After recovering to near last week’s best level since the end of July 2016, the GBP NZD exchange rate is edging back down again on a lack of UK data and a more positive outlook on New Zealand monetary policy.
This is despite preliminary results from yesterday’s local council elections indicating a highly successful vote for the Conservative party.
So far the Tories have claimed an additional 165 council seats, which indicates that the party will do very well in the general election next month.
The GBP NZD exchange rate is currently trending around 1.8757, down -0.2%, after survey data revealed optimism from New Zealand’s private sector regarding consumer price growth.
New Zealand firms have lifted their expectations for inflation over the coming two years significantly, hinting at tighter monetary policy from the Reserve Bank of New Zealand (RBNZ).
Three months ago business owners were expecting consumer prices a year from the survey date to grow at a rate of 1.56%, but now anticipate price growth over the coming twelve months of 1.92%.
Two-year expectations were at 1.92% but have now risen to 2.17% – firmly above the RBNZ’s target level.
However, growth expectations have fallen, with projections for GDP averaging 2.81% for the coming year; down from 3.11% at the last survey.
Overall the data suggests the RBNZ may be prompted to tighten monetary policy sooner than initially expected, with the board having signalled in February that the official cash rate (OCR) wasn’t likely to be hiked until the first quarter of 2020.
It is now looking like policy adjustments could be brought forward by more than a year, claims Senior Westpac Economist Satish Ranchhod.
‘We expect the Reserve Bank to hold the OCR at 1.75 percent next week,’ he explains. ‘However, with the inflation environment looking firmer than it has been for the past few years, the RBNZ is likely to give a stronger signal that the next move in interest rates will be up. We expect the RBNZ’s interest rate projections to be more consistent with an OCR hike by late 2018.’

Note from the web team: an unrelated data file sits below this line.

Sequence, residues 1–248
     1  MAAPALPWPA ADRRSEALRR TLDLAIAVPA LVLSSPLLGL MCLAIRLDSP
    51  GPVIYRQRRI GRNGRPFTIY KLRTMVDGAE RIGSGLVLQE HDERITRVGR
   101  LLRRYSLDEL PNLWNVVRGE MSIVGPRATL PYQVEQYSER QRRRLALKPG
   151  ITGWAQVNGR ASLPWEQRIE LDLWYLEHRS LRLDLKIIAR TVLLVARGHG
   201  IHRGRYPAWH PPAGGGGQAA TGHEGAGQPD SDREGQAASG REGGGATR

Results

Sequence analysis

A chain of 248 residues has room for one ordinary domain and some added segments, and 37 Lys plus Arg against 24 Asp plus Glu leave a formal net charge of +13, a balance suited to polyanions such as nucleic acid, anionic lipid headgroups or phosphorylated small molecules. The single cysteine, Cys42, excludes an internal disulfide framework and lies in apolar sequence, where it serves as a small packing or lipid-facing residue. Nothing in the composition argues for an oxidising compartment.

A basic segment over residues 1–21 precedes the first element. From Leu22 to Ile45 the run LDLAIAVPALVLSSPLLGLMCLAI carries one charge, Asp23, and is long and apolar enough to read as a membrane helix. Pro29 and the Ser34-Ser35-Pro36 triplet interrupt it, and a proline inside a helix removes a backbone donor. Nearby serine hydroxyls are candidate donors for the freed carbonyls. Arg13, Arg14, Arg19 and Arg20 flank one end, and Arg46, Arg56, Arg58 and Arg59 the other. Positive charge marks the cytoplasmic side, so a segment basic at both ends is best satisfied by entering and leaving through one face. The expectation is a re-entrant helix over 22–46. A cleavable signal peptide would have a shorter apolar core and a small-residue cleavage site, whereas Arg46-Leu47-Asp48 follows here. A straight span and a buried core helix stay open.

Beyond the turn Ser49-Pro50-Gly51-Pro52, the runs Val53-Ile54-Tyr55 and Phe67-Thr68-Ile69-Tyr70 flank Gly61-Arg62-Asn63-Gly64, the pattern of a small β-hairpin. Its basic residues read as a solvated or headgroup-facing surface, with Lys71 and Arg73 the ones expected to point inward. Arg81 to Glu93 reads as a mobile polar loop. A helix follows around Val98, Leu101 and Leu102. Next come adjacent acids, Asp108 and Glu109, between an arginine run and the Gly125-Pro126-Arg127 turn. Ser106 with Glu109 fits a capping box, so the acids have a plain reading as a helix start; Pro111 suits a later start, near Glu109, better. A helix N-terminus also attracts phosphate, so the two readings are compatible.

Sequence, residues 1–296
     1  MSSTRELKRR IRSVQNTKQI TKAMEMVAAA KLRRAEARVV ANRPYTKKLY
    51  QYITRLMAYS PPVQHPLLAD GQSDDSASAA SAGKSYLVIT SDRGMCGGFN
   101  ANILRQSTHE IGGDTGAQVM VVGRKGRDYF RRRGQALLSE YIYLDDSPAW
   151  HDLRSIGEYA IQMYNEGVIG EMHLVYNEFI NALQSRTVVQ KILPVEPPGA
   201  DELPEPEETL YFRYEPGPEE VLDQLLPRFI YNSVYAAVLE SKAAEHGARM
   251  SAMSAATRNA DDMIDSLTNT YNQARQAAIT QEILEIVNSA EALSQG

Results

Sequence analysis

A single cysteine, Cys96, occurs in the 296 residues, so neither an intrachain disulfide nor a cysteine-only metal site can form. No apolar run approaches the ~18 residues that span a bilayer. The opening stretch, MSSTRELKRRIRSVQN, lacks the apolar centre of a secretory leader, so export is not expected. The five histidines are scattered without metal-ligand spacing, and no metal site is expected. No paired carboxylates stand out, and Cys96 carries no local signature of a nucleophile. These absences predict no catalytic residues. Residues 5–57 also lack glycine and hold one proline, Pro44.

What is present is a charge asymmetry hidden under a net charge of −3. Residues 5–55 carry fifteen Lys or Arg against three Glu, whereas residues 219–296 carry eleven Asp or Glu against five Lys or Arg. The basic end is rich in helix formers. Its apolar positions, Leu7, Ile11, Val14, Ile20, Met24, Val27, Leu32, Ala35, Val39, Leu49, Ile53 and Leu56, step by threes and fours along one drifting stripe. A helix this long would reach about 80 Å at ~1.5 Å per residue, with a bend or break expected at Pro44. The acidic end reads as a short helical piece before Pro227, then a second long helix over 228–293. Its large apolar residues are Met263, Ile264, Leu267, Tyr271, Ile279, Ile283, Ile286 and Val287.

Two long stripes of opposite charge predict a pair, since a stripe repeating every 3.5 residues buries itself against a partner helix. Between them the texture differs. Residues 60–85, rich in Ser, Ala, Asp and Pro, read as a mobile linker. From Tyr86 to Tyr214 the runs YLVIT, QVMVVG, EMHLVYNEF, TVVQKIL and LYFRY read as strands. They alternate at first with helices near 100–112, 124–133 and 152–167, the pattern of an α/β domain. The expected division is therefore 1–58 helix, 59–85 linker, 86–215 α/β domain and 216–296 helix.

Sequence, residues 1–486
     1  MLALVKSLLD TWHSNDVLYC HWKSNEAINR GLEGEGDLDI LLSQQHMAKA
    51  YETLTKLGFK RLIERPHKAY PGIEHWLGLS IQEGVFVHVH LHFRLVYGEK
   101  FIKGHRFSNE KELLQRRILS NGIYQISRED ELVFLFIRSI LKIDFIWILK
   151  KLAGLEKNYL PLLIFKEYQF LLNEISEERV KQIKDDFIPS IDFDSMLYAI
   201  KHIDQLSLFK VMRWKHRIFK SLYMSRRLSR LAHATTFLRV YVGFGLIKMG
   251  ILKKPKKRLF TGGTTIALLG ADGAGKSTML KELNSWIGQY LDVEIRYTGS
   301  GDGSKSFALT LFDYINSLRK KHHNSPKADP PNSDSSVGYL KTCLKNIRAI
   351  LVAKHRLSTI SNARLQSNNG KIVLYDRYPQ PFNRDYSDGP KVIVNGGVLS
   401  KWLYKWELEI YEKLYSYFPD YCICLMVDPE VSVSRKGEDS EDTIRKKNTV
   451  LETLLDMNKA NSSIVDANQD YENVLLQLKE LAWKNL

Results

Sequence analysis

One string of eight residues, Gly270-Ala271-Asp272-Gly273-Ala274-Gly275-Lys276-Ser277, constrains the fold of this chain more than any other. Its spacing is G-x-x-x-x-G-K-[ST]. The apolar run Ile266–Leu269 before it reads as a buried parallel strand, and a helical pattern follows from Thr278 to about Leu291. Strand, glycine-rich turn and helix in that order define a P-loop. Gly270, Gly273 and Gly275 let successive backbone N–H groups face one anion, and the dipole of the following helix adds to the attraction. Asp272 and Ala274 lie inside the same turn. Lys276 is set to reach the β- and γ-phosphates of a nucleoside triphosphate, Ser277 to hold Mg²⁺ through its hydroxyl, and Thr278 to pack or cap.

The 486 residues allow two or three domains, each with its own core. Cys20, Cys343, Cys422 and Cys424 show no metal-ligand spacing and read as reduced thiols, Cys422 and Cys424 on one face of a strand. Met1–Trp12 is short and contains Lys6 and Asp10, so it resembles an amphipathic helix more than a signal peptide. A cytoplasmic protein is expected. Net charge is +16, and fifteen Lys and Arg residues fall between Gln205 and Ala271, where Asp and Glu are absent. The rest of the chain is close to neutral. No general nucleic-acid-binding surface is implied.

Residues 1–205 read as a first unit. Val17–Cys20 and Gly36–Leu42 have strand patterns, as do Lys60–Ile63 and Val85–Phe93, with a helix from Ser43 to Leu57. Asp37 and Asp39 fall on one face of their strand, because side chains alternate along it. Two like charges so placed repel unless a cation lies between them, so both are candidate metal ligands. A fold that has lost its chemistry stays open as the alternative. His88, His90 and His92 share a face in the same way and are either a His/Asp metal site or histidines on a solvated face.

Wednesday sees the RBNZ announce its next round of monetary policy decisions.
While markets aren’t expecting any changes to the official cash rate, the accompanying statement will be closely analysed for clues as to the bias of policymakers on the board.
Thursday will see central bank influence moving the Pound as well, as the Bank of England (BoE) will announce its latest policy decisions.
This will be another ‘Super Thursday’, as the latest iteration of the Inflation Report will also be published alongside the policy announcements and the meeting minutes.
Considering consumer price growth continues to trend above-target and the latest PMIs have shown the economy seems to have rebounded from the Q1 slowdown, the Monetary Policy Committee (MPC) may start to sound more hawkish on the potential for interest rate hikes.
This could help keep the GBP NZD exchange rate on the advance, as monetary tightening is likely to arrive in the UK well before it does in New Zealand.